Myth 6:  SALMONELLA IN RAW MEAT  WILL HURT MY DOG AND ME

It’s important to note that salmonella can be found in up to 36 percent of all healthy dogs and 18 percent of healthy cats regardless of the food they consume. Many pets harbour these bacteria as a part of their normal GI flora and naturally shed salmonella organisms in faeces and saliva regardless of what food they eat.

All non-typhoid salmonella species are ubiquitously present in the environment and reside in the GI tracts of many animals, including pets. The fact is the majority of human salmonellosis cases are acquired through ingestion or handling of contaminated dry pet foods and treats – not raw meat. In fact, there’s no known incidence of human beings being infected with salmonella by raw-fed cats and dogs.

Myth 7: MY DOG WILL ACQUIRE WORMS FROM THE RAW MEAT IN A RAW DIET

Yes, there can be parasites in raw meat. But if you are getting meaty bones and carcasses from places fit for human consumption, the parasite factor is negligible. In addition if  such  meat was frozen for more then 48h then this risk is practically non existent.
Even if this risk was high most parasites are not big issue and can be safely dealt with by your dog if it is healthy.

Myth 8: RAW MEAT WILL MAKE MY DOG BLOODTHIRSTY

This is my favourite old wives tale that some people still repeat. It is interesting to note that herding breeds have coexisted peacefully with the animals they herded without savaging or killing them, even while these dogs were fed raw meat and bones from the very same kinds of animals they were guarding.
The dog is, by nature, a predator, and will chase other animals because it is hard-wired to do so, not because it is bloodthirsty or has a taste for meat in the human definition of the words. Feeding raw does nothing to change this.  Excess carbohydrate however, can cause all sorts of behavioural/psychological issues  in dogs which is something to keep in mind. Many owners spend fortune on dog training when the behavioural issues can be sorted by elimination of processed carbohydrates ( kibble) from dogs diet.

Myth 9: BONES ARE DANGEROUS AND HAVE NO NUTRITIONAL VALUE

Indeed cooked bones can be very dangerous. Raw bones rarely splinter and are fully digestible, even the collagen proteins that some people claim are "indigestible." It is mostly the byproducts of the digested bone that form the bulk of a raw-fed animal's faeces. Dogs and cats do not need the fibre from grains and vegetables, and feeding such foods only results in the big, soft, malodorous stools everyone complains about.
Yes, problems can occur with raw bones, just as problems can occur with feeding the "safer" kibble (bloat, choking, telescoping bowel, aspirated kibble leading to pneumonia, etc.). These problems typically occur in dogs that are fed inappropriately small bones which they cannot crush or too large weight-bearing bones of herbivores, things like knuckle bones, femurs, etc. These, ironically, are the kinds of bones pet food manufacturers and some vets recommend dogs receive regularly to help keep teeth clean! These bones chip or break teeth.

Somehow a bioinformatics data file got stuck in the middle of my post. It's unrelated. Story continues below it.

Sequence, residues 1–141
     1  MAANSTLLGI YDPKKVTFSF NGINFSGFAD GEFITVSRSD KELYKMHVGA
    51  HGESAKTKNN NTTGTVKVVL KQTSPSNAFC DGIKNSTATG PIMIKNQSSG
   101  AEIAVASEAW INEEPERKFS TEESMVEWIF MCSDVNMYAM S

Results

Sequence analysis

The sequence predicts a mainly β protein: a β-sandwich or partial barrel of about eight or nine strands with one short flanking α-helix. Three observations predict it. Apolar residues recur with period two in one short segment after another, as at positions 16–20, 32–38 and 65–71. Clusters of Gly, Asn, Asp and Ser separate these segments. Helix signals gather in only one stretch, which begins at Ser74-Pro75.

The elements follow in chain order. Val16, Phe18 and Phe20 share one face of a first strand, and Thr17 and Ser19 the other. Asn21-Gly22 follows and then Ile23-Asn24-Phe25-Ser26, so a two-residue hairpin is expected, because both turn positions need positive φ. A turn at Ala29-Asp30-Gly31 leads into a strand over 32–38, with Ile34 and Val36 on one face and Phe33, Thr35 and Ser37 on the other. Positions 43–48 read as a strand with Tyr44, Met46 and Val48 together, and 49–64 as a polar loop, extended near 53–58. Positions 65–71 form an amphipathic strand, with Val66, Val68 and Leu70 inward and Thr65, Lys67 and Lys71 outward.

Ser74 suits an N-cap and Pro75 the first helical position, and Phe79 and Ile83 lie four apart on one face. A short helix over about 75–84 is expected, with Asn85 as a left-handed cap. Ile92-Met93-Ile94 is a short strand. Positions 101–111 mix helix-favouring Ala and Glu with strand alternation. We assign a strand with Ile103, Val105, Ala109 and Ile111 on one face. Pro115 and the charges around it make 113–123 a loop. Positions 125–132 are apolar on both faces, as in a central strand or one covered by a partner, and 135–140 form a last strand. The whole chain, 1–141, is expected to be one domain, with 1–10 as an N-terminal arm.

As for bones not being nutritious:
"Bones from prey are required by wolves as the major source of calcium and phosphorus for the maintenance of their own skeletons. Bones, in fact, are a surprisingly well-balanced food for canids" (Mech, L.D. 2003. Wolves: Behavior, Ecology, and Conservation. pg125).

Myth 10: HOME-MADE, COOKED DIETS ARE A BETTER, SAFER ALTERNATIVE TO RAW

The act of cooking alters the proteins, vitamins, fats, and minerals in a food. This alteration can make some nutrients more readily available and others less available. Cooking can even alter fats to the point of being toxic and carcinogenic.  
Some people compensate for these vitamin and mineral deficiencies without resorting to supplements: they simply add vegetables, grains, and dairy products to their carnivores' diets. Complex recipes are developed that create a wide range of foods for the dog (or cat) that must be cooked, steamed, blended, etc. in order for the dog to receive proper nutrition. Our carnivores once again have an omnivorous diet forced upon them in order to help them obtain all the appropriate nutrition that could simply be had by feeding a variety of raw meaty bones and organ meats. Simplicity and perfection are traded for complexity and imperfection